Pharmaceutical companies are aggressively lobbying congress and the Obama administration in a broad campaign to press India into changing its intellectual property laws. India is a critical producer of affordable medicines, and competition among generic drug manufacturers there has brought down the price of medicines for HIV, TB, and cancer by more than 90 percent.

- See more at: http://www.doctorswithoutborders.org/press/release.cfm?id=7077&cat=press-release#sthash.KYIE3WMJ.d 

today warned that India faces retaliatory political pressure from the US government and pharmaceutical industry for its efforts to legally limit abusive patenting practices and to increase access to affordable generic medicines.

Pharmaceutical companies are aggressively lobbying congress and the Obama administration in a broad campaign to press India into changing its intellectual property laws. India is a critical producer of affordable medicines, and competition among generic drug manufacturers there has brought down the price of medicines for HIV, TB, and cancer by more than 90 percent.

- See more at: http://www.doctorswithoutborders.org/press/release.cfm?id=7077&cat=press-release#sthash.KYIE3WMJ.dpuf

today warned that India faces retaliatory political pressure from the US government and pharmaceutical industry for its efforts to legally limit abusive patenting practices and to increase access to affordable generic medicines.

Pharmaceutical companies are aggressively lobbying congress and the Obama administration in a broad campaign to press India into changing its intellectual property laws. India is a critical producer of affordable medicines, and competition among generic drug manufacturers there has brought down the price of medicines for HIV, TB, and cancer by more than 90 percent.

- See more at: http://www.doctorswithoutborders.org/press/release.cfm?id=7077&cat=press-release#sthash.KYIE3WMJ.dpuf

today warned that India faces retaliatory political pressure from the US government and pharmaceutical industry for its efforts to legally limit abusive patenting practices and to increase access to affordable generic medicines.

Pharmaceutical companies are aggressively lobbying congress and the Obama administration in a broad campaign to press India into changing its intellectual property laws. India is a critical producer of affordable medicines, and competition among generic drug manufacturers there has brought down the price of medicines for HIV, TB, and cancer by more than 90 percent.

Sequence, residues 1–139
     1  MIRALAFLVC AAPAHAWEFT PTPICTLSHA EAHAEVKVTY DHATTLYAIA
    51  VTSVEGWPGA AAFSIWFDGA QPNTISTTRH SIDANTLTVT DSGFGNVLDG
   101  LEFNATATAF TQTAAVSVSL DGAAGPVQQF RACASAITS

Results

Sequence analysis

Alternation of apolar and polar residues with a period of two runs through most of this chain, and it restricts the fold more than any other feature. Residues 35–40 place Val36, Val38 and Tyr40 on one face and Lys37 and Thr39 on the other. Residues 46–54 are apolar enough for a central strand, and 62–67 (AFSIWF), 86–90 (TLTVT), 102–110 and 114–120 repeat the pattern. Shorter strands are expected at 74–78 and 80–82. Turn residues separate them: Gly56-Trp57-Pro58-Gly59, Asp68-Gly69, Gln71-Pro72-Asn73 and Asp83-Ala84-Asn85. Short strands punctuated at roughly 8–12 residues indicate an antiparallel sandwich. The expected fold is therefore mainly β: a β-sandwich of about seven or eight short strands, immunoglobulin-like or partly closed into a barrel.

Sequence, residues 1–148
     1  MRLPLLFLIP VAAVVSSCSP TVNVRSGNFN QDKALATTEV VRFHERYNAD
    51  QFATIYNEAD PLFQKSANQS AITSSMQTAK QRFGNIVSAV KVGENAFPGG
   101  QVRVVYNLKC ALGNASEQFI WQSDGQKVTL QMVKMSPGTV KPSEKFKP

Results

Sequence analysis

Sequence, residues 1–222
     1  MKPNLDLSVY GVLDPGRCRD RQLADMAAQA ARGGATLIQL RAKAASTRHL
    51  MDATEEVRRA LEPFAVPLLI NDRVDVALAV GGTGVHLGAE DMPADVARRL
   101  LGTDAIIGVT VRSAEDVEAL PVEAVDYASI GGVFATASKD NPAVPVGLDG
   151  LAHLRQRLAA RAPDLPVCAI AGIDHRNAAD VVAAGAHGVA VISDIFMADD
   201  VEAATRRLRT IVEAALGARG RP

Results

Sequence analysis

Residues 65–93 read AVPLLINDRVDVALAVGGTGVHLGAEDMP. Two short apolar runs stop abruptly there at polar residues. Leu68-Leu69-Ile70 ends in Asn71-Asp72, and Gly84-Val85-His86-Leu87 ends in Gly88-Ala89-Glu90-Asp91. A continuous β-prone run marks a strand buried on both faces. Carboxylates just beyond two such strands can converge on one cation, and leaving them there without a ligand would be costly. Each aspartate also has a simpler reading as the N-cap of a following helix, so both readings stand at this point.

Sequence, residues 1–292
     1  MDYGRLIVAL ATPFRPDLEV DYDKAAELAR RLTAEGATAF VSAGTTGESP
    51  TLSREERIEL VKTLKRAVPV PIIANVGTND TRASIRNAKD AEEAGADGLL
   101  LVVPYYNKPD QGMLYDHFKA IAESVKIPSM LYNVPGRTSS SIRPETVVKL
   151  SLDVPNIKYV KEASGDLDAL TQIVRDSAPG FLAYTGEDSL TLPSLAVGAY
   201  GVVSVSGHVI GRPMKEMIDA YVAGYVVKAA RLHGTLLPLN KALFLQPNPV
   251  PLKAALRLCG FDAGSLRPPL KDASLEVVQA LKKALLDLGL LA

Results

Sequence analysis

- See more at: http://www.doctorswithoutborders.org/press/release.cfm?id=7077&cat=press-release#sthash.KYIE3WMJ.dpuf

On the eve of a meeting between US president Barack Obama and Indian prime minister Manmohan Singh at the White House, the international medical humanitarian organization Doctors Without Borders/Médecins Sans Frontières (MSF) today warned that India faces retaliatory political pressure from the US government and pharmaceutical industry for its efforts to legally limit abusive patenting practices and to increase access to affordable generic medicines.

Pharmaceutical companies are aggressively lobbying congress and the Obama administration in a broad campaign to press India into changing its intellectual property laws. India is a critical producer of affordable medicines, and competition among generic drug manufacturers there has brought down the price of medicines for HIV, TB, and cancer by more than 90 percent.

- See more at: http://www.doctorswithoutborders.org/press/release.cfm?id=7077&cat=press-release#sthash.KYIE3WMJ.dpuf

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Hyacinth Mascarenhas

Hyacinth is a graduate of the George Washington University where she majored in Journalism and Mass Communications. Her interests include cultural, social and political trends in the Middle East and South Asia, as well as human rights issues across the globe.